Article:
“It’s been better than ever; I’ve never seen so many applications in March and April; they were just soaring,” Karimov says. “And then I’ve never seen so many applications get denied because of the industry at the time everything was shutting down.”
It was a time to capitalize if your shop was strong enough to survive what Karimov called the “dark ages” for MCA. If you survived, you get to reap the reward of a capital-deprived market, he says.
“The whole crisis took out so many funders that were just not good, they probably were supposed to go out of business a long time ago, but this accelerated it,” Karimov says. “It took out all the bad funders and replaced them with people that are solid, fast, and have everyone’s best interest at heart, from the merchant to whoever the ISO is.”
According to Karimov, 2020 solidified who is a real player in the game. Launching a new office himself, Davron says he enjoys sunny days in Miami while it is twenty degrees in-between blizzards in New York. Though snow wasn’t the reason he moved, but instead the funding environment.
“Everyone has been warm and welcoming [in Miami], the government knows what this is, and that’s what we do. We try to educate them: not a lot of people know here about this; it’s like it’s a secret,” Karimov says. “If you go to New York, it’s like everybody knows, there are so many shops there. But here, it’s kind of rare to see someone that knows what a cash advance is.”
Compared to New York’s increasingly restrictive funding ecosystem, the Florida space is open to growth. That’s exactly the environment Karimov hopes to profit from, expanding his business in any way that will be geared toward helping businesses.
“I’m not a huge fan of diversification,” Karimov says. “I like doing one thing. But we opened up an office in Miami; we’re bringing experienced people in and trying to fund deals as fast as possible. We’re maybe looking to develop into offering a debit card, whatever is in the business’s best interest.”
The Federal Reserve’s analysis of overall funding efforts for all small businesses demonstrates a market of unmet financial needs. In 2020, a total of 47% of firms met their funding needs, while the other half (53%) still needed capital.
23% of firms saw a “financing shortfall.” They were partially approved but still needed more funds. The other 30% have unmet funding needs because they never applied according to the survey- they’re scared of debt, risk-averse, or don’t meet requirements.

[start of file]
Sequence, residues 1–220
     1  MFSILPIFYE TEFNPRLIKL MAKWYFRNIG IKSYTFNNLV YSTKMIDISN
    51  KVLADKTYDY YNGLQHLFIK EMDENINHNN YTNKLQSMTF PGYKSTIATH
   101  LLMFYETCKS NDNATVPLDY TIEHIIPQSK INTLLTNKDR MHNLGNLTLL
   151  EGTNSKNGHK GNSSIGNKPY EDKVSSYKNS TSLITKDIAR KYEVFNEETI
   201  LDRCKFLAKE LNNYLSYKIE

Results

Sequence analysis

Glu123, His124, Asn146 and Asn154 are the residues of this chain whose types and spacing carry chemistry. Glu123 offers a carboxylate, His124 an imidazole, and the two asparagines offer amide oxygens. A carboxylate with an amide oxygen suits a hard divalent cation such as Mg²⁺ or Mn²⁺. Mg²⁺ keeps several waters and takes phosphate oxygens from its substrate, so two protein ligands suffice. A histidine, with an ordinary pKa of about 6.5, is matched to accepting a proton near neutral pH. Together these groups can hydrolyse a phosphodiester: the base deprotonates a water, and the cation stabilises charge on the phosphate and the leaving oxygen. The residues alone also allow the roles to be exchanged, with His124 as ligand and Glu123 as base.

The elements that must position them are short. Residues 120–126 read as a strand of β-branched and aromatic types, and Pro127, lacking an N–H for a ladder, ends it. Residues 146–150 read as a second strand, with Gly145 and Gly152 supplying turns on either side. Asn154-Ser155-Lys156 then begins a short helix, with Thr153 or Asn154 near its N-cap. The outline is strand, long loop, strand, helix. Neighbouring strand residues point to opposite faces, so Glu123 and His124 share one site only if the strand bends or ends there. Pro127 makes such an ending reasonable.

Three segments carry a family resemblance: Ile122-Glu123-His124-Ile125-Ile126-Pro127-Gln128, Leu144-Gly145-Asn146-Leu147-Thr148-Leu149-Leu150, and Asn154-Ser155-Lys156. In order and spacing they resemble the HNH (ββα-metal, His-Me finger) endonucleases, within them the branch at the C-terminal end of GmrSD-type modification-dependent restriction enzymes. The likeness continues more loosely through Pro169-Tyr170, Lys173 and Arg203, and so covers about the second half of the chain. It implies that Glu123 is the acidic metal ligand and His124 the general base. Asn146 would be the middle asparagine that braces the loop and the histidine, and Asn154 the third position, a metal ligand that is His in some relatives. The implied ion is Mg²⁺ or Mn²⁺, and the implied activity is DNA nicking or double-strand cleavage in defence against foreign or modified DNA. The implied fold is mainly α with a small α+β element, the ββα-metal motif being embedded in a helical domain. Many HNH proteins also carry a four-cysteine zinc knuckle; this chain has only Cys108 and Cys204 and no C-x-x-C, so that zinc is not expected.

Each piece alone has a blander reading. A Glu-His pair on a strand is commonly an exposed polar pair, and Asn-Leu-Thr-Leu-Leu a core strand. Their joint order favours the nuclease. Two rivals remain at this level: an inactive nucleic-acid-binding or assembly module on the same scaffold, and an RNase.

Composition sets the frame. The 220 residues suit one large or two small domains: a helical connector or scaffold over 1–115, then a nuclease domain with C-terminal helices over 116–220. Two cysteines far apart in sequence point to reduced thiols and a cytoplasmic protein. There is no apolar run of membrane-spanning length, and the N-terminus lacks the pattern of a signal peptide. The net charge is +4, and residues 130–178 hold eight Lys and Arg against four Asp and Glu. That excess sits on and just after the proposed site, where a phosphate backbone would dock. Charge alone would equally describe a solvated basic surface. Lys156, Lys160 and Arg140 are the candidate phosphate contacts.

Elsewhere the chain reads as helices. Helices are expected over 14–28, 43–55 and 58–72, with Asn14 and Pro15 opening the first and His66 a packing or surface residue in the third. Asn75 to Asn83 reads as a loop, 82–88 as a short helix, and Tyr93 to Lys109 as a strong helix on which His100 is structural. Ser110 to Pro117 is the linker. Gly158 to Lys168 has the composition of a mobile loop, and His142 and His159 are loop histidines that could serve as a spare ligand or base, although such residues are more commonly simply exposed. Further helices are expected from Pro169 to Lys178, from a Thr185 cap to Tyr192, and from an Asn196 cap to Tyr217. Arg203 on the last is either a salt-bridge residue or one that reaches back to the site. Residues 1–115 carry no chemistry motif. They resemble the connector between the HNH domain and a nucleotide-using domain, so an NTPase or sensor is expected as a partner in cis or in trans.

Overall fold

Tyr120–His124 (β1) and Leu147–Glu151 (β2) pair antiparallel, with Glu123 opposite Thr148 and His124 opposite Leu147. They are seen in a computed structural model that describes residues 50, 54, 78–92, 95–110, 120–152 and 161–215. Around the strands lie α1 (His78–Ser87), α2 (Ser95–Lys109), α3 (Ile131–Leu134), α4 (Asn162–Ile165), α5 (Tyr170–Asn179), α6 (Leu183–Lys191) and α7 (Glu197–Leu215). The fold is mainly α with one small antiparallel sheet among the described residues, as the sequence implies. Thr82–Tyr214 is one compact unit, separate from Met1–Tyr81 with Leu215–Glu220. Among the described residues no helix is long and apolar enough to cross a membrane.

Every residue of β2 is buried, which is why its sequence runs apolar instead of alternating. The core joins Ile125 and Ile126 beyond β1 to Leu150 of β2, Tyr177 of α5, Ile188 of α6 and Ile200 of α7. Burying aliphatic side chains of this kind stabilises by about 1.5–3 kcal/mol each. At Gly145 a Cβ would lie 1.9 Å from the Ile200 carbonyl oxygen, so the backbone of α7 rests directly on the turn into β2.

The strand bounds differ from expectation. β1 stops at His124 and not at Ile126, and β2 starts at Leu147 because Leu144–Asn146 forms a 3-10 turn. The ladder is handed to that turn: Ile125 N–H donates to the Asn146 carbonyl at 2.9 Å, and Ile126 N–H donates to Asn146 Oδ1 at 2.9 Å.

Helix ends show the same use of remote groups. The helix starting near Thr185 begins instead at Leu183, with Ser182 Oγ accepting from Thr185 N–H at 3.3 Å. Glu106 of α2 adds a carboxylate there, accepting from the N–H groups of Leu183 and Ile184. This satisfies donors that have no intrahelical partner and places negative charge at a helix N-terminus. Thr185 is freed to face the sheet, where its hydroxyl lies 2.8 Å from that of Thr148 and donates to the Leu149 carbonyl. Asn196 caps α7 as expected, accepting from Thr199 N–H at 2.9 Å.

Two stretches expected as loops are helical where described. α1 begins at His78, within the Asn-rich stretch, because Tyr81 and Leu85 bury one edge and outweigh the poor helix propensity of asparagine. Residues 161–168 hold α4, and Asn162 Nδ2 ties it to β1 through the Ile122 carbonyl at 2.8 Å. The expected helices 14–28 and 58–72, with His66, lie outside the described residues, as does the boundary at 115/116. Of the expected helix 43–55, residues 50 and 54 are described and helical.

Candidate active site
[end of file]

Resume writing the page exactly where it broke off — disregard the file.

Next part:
Those that did not apply for funds would have if they were not discouraged by weak sales (44%), insufficient collateral (41%), low credit (33%), and too much debt already (36%).
83% of companies used a bank or small bank as their primary financial service provider, while only 11% said an online lender or fintech was their primary.
Meanwhile, in the funding world, MCAs were only sought by 8% of all funding applicants last year, compared to 89% of firms applying for a loan or line of credit.
Most firms that went for an MCA went with a bank. 85% percent of firms that applied for a loan, credit, or cash advance used a large or small bank. In contrast, only 20% of firms applied to an online lender, falling from 33% since last year.
42% of firms that worked with online lenders or fintech companies were dissatisfied with support during the pandemic. Comparatively, firms that did receive some funding from an online lender were far happier: only 18% were dissatisfied.
New technical issues are plaguing the latest round of PPP funding, according to Rob Nichols, the President and CEO of the American Bankers Association. On Monday, Nichols wrote to the acting heads of the SBA and Treasury addressing them.
Though thousands of businesses are awaiting forgiveness, the SBA’s online portal is not allowing a second loan to be processed unless pending first-round forgiveness applications are marked as complete. This runs contrary to the official SBA rules that state a borrower can apply if they can prove they spent their first loan correctly by the time they get a second.
“We urge SBA to fix this technical error and permit a lender to upload a borrower’s second draw PPP loan application irrespective of the status of the borrower’s First Draw Loan forgiveness application,” Nichols wrote. “More broadly, lenders are receiving a high number of incorrect error messages when the lender attempts to submit PPP loan applications through the portal.”
Part of those errors come from confusion Nichols writes, between previous guidance handed out by the SBA and current stipulations. Funders are unclear as to why a $30,000 per employee loan cap exists or why some borrowers found that the documentation they prepared to prove a 25% reduction of revenue met requirements two weeks ago but don’t meet the criteria recently, Nichols wrote.